This study is focused on man-made EC which are already present in the compartments of the soil, groundwater and sediment. This study is not an overview of all available literature and data on EC.
To wrap up available knowledge and experience related to legislation, governance and policy in the European Union, a website and questionnaire was made and a search on relevant literature has been carried out. The website had over 3.200 visitors between May and October 2015. Over more than 500 experts in the field of soil, groundwater and sediment in Europe were asked to fill in the questionnaire. We received 12 questionnaires and some information was uploaded. In contrast to the limited response to the questionnaire, a lot of support and information was gained during the international meetings.
There is a lot of scientific information regarding the toxicity and fate of EC. Scientific research is summarized and interpreted by several international networks for scientific research, for example the European NORMAN Network. The knowledge from these networks must be used prioritize data collection and environmental monitoring. The (political) prioritization of these substances, based on their toxicity and environmental hazards, is defined in the Stockholm Convention on Persistent Organic Pollutants (POPs). For all EC it applies that the lack of understanding the effects and the lack of factual data in soil, groundwater and sediment are by far the main obstacle to develop a practical approach.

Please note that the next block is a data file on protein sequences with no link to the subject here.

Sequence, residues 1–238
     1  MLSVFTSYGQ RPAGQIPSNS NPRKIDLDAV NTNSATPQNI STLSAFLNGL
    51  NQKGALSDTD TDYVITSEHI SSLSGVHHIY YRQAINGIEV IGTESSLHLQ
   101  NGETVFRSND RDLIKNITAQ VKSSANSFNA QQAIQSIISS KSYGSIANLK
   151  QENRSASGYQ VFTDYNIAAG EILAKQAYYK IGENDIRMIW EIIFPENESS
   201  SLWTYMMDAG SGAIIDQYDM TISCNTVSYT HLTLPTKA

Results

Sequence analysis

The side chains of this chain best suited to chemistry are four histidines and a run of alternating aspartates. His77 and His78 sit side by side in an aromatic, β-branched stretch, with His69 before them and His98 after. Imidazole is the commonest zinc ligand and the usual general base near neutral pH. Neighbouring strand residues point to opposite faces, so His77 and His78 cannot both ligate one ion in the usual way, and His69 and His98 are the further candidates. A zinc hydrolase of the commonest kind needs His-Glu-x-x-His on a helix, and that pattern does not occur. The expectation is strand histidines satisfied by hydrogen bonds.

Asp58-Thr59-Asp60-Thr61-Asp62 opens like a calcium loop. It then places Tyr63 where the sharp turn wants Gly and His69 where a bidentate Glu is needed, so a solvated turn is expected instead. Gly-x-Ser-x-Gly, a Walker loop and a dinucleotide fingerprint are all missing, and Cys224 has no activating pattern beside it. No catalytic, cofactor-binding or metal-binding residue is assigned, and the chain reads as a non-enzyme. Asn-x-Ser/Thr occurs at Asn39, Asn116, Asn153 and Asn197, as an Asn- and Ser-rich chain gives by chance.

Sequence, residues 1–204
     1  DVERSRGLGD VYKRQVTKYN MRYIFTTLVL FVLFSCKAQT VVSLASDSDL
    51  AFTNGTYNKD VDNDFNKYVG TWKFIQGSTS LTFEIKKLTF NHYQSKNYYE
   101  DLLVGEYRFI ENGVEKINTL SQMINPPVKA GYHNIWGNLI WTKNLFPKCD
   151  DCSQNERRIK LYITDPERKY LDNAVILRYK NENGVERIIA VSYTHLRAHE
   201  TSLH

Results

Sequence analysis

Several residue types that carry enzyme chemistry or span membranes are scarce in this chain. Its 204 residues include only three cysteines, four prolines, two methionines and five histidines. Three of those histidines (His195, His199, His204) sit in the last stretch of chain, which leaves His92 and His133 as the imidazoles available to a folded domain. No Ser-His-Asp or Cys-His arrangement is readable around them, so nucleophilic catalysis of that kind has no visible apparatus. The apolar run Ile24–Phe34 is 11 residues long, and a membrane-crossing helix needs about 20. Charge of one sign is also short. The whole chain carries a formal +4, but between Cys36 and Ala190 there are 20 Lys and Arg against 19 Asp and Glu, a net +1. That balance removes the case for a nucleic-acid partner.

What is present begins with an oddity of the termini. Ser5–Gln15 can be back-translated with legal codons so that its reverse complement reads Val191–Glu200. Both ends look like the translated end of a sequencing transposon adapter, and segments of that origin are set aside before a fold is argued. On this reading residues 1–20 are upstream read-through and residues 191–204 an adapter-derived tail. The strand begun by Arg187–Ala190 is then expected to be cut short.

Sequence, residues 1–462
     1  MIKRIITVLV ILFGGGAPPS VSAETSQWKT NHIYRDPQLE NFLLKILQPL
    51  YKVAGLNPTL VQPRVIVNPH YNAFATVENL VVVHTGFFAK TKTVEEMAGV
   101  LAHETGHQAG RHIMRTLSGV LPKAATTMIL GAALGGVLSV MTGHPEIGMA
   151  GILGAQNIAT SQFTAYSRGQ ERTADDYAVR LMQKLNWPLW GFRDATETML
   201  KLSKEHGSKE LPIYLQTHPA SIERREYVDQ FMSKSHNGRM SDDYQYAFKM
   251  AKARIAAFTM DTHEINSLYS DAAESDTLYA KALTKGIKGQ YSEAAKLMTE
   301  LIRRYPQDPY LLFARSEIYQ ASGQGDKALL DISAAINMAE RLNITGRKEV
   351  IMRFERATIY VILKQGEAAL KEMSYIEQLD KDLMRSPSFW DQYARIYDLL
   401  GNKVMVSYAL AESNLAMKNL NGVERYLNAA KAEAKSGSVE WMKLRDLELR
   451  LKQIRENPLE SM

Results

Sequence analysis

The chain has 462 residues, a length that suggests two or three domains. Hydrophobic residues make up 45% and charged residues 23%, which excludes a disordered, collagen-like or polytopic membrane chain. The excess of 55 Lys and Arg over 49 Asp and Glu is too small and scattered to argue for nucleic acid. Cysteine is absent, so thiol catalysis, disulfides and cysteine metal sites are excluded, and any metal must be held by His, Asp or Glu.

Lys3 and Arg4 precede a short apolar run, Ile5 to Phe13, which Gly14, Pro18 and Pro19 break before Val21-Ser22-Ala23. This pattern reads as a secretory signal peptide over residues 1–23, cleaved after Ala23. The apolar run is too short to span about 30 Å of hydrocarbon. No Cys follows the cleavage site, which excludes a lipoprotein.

Generally, the soil and groundwater system responds slowly. Therefore the effects of EC will be notable in the long run. In the mean time irreversible damage may be caused that will affect our resources. Similar to the actions that were taken in order to secure our fresh water system, it is time to address the problems that causes EC and take further actions for our soil system.
SUMMARY CONCLUSIONS AND DISCUSSION
The main conclusion of this inventory is that EU member states should work together to develop an effective approach for EC in soil, groundwater and sediments. Based on the (lack of) awareness in most of the EU countries, it is most effective to work together on an international level with all stakeholders. This gives the advantage that all stakeholders are at the same level of knowledge.
Determining where and in what concentrations EC are present in the soil, groundwater and sediment should be a priority. Subsequently the true environmental and human risks have to be determined. Adequate strategies and effective solutions can only be developed when this practical information is available. It is expected that the risks are most acute near contaminated hotspots and that those hotspots are relatively easy to remediate or to manage and prevent further damage. Based on this inventory our opinion is to focus on an (international) approach initially.
In the future new EC will arise. The Stockholm Convention lists new substances every two years. An approach for the management of EC in soil, groundwater and sediments can be based on the experience and work of scientific research and the decisions of institutes like the Stockholm Convention or Norman Network.